Claude Spencer, that bibliographer extraordinaire and lover of all things Stone-Campbell, identifies the true first printing of the first edition of the debate in his monumental Author Catalog of the Disciples of Christ. He gives the basic bibliographic information about the book as shown above, but with this list of publishers:
Lexington, A. T. Skillman & son; Cincinnati, Wright and Swormstedt, J. A. James; Louisville, D. S. Burnett; N. York, R. Carter; Pittsburgh, Thomas Carter, 1844.
and this note:
First printing with error trine immersion 7th line from bottom of page 258.
Spencer’s second entry is the same as the first but with these as publishers:
Lexington, A. T. Skillman & son; Cincinnati, J. A. James; Louisville, D. S. Burnett; New York, R. Carter; Pittsburg, T. Carter, 1844.
His third entry is for the Standard Publishing facsimile edition of 1917, again with the same information above with this for the publisher:
facsimile edition. Cincinnati, Standard, 1917.
and this note
“An exact reproduction, made by a new process developed and perfected by The Standard publishing company of Cincinnati, O., of the original edition of this book, published in 1844 by A. T. Skillman & son, Lexington, Ky.” Does not have error on page 258.
Finally, Spencer knows of one other “edition” of the Campbell-Rice debate. Here is his entry:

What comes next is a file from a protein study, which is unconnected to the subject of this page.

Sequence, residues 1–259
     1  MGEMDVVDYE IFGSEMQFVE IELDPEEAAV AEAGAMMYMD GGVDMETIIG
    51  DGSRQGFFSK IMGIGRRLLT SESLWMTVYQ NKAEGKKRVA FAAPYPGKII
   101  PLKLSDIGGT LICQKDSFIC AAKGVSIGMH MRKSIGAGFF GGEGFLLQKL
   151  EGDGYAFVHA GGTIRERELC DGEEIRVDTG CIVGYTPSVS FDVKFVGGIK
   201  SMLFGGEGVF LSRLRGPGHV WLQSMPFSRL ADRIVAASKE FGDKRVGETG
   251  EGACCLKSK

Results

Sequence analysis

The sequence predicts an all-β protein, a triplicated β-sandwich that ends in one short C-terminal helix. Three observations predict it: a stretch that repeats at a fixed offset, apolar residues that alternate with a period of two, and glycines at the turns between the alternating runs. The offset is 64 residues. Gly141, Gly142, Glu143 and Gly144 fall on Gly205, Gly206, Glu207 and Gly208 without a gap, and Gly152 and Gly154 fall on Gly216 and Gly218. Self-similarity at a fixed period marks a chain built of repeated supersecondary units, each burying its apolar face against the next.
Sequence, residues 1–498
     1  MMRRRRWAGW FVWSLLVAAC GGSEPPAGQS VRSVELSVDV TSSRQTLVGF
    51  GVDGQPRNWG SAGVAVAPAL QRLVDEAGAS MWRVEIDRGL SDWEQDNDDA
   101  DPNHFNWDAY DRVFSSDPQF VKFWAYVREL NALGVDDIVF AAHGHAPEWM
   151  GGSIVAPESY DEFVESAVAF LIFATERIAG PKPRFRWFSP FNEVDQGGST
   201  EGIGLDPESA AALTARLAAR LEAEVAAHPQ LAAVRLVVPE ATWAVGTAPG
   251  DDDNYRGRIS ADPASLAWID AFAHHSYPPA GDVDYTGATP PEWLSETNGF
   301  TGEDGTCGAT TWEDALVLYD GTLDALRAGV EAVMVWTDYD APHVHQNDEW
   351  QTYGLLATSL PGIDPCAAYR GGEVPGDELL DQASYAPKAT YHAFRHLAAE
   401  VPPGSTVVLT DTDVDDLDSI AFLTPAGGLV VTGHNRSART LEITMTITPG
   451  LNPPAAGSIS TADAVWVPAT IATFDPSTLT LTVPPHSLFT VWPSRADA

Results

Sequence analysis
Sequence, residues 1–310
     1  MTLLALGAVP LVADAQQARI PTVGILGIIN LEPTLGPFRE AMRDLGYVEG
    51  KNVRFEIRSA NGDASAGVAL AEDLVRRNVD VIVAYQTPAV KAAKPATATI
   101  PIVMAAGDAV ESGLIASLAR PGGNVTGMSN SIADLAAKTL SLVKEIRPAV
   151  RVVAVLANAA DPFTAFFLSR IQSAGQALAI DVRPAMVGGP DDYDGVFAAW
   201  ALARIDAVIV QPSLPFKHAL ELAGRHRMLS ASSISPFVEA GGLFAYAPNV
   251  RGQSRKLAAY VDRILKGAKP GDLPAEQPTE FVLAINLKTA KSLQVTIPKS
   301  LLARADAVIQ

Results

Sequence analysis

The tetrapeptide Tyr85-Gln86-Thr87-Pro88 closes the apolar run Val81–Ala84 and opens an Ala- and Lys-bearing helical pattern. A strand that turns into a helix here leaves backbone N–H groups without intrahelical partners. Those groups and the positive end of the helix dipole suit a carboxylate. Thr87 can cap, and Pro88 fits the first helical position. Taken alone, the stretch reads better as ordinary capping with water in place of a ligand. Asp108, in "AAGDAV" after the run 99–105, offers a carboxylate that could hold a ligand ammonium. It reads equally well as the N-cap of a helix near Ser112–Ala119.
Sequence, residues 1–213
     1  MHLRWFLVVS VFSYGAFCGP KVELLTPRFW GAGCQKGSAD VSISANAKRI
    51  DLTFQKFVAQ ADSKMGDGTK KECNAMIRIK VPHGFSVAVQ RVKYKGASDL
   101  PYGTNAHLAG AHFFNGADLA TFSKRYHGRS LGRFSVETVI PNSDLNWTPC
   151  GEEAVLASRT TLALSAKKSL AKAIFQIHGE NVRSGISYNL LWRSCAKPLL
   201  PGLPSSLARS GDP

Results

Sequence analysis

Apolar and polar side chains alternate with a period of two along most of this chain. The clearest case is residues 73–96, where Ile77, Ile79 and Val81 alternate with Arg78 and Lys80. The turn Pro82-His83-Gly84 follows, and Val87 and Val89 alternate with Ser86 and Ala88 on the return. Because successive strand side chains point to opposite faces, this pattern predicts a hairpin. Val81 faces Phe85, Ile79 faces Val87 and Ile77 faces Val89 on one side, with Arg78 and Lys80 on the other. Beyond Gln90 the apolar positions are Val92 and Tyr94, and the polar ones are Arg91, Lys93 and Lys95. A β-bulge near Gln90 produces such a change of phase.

Campbell-Rice debate on the holy spirit. being the fifth proposition in the great debate on “baptism”, “holy spirit”, and “creeds”. Held in Lexington, Kentucky, beginning November 15, 1843 and continuing eighteen days. Cincinnati, F. L. Rowe, 1901. 309p.
I have edition in quotes above because the Rowe issue isn’t strictly speaking an edition, it is an excerpt. but that is another post for another day. The fifth proposition, beginning on page 611, reads:
Now, is the item digitized by Google Books the true first issue? It doesn’t appear so from what we see on the title page above. Let us turn to page 258, 7th line from the bottom…
Nope…second printing at least. I suspect Claude would have loved Google Books. Check your shelves and see what you can find on p. 258. If you have an 1844 book, you just might have a true first printing!